In Iraq as in Israel and Palestine, three outcomes remain possible. In the first, our patience pays off, as ordinary people come to realize that continuing violence solves nothing and as new, realistic leaders emerge who reflect and encourage this sentiment. From prison, the Palestinian activist Marwan Barghouti has already tried to broker a reconciliation between Hamas and Fatah, and he might seek to do it again. If he succeeds and Israel releases him, he could negotiate a serious deal with a coalition government led by Ehud Barak, newly returned as Labor Party leader, or Ami Ayalon, the dovish ex-admiral waiting in the wings. It is certainly worth expending our diplomatic capital to encourage such a result — even if it takes time. The cost of such patience is of course much higher in the case of Iraq, where the resources expended include not just American credibility but also American lives. But our responsibility is correspondingly greater as well.

A second prospect is that violence remains at a low or medium level for years, waxing or waning as it has for two decades in Israel and Palestine and for a shorter time in Iraq. Such violence gradually saps hopes for peace by confirming the parties’ worst fears about each other. Leaders who seek peace are discredited one by one. U.S. involvement may limit the scope of Israeli retaliation to Palestinian attacks, but it can also dilute the chances for progress by teaching the Palestinians that they can fall back on U.S. cover and the Israelis that we will not press them too hard to the table. We are past masters at this sort of crisis management in the Israeli-Palestinian conflict; in Iraq, however, we cannot sustain such a role indefinitely.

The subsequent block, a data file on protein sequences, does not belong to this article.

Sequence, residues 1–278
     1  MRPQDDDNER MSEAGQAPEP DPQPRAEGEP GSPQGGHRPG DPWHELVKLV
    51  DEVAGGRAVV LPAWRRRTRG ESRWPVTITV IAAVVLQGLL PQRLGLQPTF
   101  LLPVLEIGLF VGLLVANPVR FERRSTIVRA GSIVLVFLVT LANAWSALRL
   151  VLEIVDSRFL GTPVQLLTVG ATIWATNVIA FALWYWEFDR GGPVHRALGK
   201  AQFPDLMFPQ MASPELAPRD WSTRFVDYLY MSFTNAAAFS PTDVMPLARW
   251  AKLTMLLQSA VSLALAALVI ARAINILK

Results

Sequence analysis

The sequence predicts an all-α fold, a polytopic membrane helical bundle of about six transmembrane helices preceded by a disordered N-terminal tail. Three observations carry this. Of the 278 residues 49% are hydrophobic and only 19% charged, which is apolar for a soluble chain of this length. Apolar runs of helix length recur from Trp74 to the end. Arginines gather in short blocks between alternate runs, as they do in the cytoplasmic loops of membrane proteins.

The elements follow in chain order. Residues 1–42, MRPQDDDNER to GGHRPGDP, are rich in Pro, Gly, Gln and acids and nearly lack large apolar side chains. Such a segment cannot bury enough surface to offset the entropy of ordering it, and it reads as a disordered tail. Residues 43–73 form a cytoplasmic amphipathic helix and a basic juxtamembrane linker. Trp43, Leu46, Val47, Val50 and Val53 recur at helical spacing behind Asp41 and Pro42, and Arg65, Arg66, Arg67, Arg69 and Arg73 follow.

The third possibility is that our impatience with the failure to make progress leads us to disengage. We know from recent experience what that means for the Middle East: declining hope and growing radicalism are making Gaza look like a smaller, poorer Baghdad, to the detriment of Palestinians, Israelis and our national interest. If we disengage in Iraq too, we will probably save American lives — and risk chaos that could make the present troubles there seem minor by comparison.

The New York Times still publishes such drivel because they believe in the power of the US to positively affect the region. Despite years of contributing to extreme violence in Palestine, Iraq and Lebanon, we are told to be patient…the Bush administration may succeed. Talk to anybody here in Syria about such ideas, and they’ll rightfully laugh. Most simply want freedom from “us”.